13. The publication noted that the complainant had accepted that the EU requires all goods to be displayed in metric measures, and that the article reported that “Traders are allowed to display weights and prices in both imperial and metric but not in imperial only”. On this basis, it said there was no breach of Clause 1.

14. Finally, the publication provided the results of an EU Panel on whether prunes could be sold as having a laxative effect. This said that “The Panel concludes that the evidence provided is insufficient to establish a cause and effect relationship between the consumption of dried plums of ‘prune’ cultivars (Prunus domestica L.) and maintenance of normal bowel function.” This quote was repeated in the article. It also noted that the Panel had considered evidence from one study, and had said that it “did not find any significant difference between the two treatment groups or between different time-points within each group and that the other human intervention study showed some effect on faecal bulk but not on stool frequency or consistency”. The publication said that the result of the Panel was that prunes could not be advertised as a laxative. On this basis, it said it had been accurate under Clause 1.

Relevant Code Provisions

15. Clause 1 (Accuracy)

i) The Press must take care not to publish inaccurate, misleading or distorted information or images, including headlines not supported by the text.

ii) A significant inaccuracy, misleading statement or distortion must be corrected, promptly and with due prominence, and — where appropriate — an apology published. In cases involving IPSO, due prominence should be as required by the regulator.

iii) A fair opportunity to reply to significant inaccuracies should be given, when reasonably called for.

iv) The Press, while free to editorialise and campaign, must distinguish clearly between comment, conjecture and fact.

Findings of the Committee

16. In the context of the article, the headline claim that the UK was “forced” to follow the listed rules was not significantly misleading where the article made clear that it was a reference to rules introduced by the EU, which the UK was part of and subject to. The reference to “laws” in the headline was also not significantly misleading: the first paragraph of the article had made clear that these were “EU laws or rules” and the article set out the basis for each of them. Furthermore, the newspaper was entitled to express the opinion that the rules set out were “ridiculous”. This was clearly an opinion, and not a statement of fact. There was no breach of Clause 1 in relation to the headline.

17. The article had inaccurately reported that the EU had introduced stricter requirements on the shape of bananas in 2009. In fact, the EU regulations relating to bananas had come into force in 1995, and had then been updated by the 2011 regulation. However, in the context of the article the incorrect date for the regulation was not significantly misleading, and did not require a correction under Clause 1. The Committee, nevertheless, welcomed the clarification offered by the publication.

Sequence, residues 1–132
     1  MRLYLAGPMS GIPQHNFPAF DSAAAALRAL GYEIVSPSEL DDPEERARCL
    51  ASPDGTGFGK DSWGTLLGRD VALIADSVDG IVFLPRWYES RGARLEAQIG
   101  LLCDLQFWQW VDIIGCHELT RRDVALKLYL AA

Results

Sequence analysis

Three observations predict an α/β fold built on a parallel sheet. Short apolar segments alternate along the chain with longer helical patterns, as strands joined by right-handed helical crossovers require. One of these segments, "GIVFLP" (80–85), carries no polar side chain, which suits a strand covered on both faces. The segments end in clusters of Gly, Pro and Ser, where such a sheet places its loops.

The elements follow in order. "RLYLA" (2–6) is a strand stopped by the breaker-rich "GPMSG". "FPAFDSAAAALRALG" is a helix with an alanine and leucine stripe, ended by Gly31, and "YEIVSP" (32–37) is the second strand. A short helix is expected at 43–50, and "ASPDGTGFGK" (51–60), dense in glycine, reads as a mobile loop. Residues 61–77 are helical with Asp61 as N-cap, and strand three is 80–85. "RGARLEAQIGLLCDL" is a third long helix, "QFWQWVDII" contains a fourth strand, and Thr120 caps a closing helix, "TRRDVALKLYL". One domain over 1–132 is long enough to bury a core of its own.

18. The complainant had expressed concern that the article had claimed that “bananas cannot be too bendy”; she had said that only the top two Classes of bananas were subject to rules regarding their defect of shape. However, this information was clearly included within the article, which cited the relevant provisions from the 2011 regulation. As the legal position was explained within the article, this did not represent a failure to take care in breach of Clause 1(i) or require correction under Clause 1(ii).

19. The Stilton Cheese Makers’ Association, a British trade organisation, had applied to the EU for protected designation of Stilton cheese in 1994. It was granted by the EU in 1996, and in the same year, the English High Court also directed that a trademark be registered for Stilton cheese which covered cheese made only within the same regions. The Committee also noted that the 1992 EU press release on the protected designations of origin of food products, supplied by the publication, had stated that the protected designation applications had been “received from the Member States”. In these circumstances, and where in the same year the English High Court had ordered that a trademark be registered to give similar protection, it was significantly misleading to report that the UK had been “forced” to accept a law relating to the production of Stilton cheeseby the EU, in breach of Clause 1(i). Where the article had reported on rules which the UK had to follow due to its membership within the EU, this was a significant inaccuracy requiring correction under Clause 1(ii).